The measure of success is not whether you have a tough problem to deal with, but whether its the same problem you had last year. (John Foster Dulles)
If this is true (that revenue is OK), then we need to look at the effectiveness of your business. This is such a big area it can be hard to know where to start. Often people know about a particular area, so that gets their focus. But in high-level terms, there are some foundational issues that need to be explored. Ideally this is done in a logical, structured way. Owners of SME's generally don't have the time and resources to either do this themselves, or to select and pay someone with appropriate skills to do this reliably for them. However, having the bigger picture in mind can ensure that effort spent on an area is consistent with the long term picture.
Many attribute a saying to Gary Player - but he was simply quoting an earlier player, who it seems also borrowed the saying. Although there is doubt about who said it first, there is no doubt about the meaning: The harder I practise the luckier I get. In business you do get lucky breaks from time to time - but in general the second law of thermodynamics rules. Left to itself the path is downwards. So if you want to move your business onwards and upwards, you (and nobody else) must drive it forward.
At a very high level, here are some basic issues many business owners neglect, but are part of the way forward.
Develop a mission and goals. Understanding the real purpose of being in business can help you build better processes, develop business plans, set goals and build understanding and trust with both team members and customers.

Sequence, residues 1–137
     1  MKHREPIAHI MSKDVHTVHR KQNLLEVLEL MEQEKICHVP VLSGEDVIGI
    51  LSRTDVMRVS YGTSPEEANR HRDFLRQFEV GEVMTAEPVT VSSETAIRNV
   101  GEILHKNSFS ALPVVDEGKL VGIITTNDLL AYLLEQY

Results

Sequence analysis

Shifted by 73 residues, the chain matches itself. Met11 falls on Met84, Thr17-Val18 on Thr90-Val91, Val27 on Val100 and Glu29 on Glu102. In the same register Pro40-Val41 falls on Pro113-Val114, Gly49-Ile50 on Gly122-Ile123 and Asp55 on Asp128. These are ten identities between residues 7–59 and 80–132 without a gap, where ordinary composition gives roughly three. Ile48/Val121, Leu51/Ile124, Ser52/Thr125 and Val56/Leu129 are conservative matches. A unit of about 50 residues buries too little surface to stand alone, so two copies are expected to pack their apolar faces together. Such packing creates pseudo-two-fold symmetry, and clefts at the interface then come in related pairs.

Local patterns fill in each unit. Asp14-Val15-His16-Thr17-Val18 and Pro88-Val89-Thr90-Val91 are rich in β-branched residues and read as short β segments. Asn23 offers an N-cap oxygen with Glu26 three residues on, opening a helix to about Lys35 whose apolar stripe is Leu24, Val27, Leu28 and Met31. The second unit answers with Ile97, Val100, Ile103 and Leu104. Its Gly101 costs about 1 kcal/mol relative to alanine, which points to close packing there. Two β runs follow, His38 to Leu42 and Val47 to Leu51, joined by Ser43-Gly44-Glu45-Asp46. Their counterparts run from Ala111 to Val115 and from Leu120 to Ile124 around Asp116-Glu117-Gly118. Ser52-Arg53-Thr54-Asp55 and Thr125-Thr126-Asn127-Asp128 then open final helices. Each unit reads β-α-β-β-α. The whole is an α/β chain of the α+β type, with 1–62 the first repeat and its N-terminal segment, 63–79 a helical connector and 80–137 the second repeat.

Understand your strengths, weaknesses, opportunities and threats (SWOT). A SWOT analysis helps to improve problem areas and use what you do well to full advantage. As well as looking at you and your business, It involves an analysis of your industry, competition and customers. It measures your current operational performance - so is best to be conducted regularly, to ensure trends are picked up.
Work ON not IN the business. Being stuck doing the day-to-day activities means you don’t have time to implement any new ideas. Step back and look at your business objectively to see what needs to be improved to help it grow. Free yourself up to implement those new strategies.
Systematise processes. This frees up more of your time to work ON the business. It makes the business run smoothly, and creates a consistent way of doing things for team members. It makes your business more valuable because it doesn’t have to depend entirely on you to operate.
Build a team. A ‘team’ is important to creating a positive work environment. Involve your team in growing your business. Having systems and delegating responsibility makes team members feel valued and motivated. Training is critical for empowering and keeping good team members.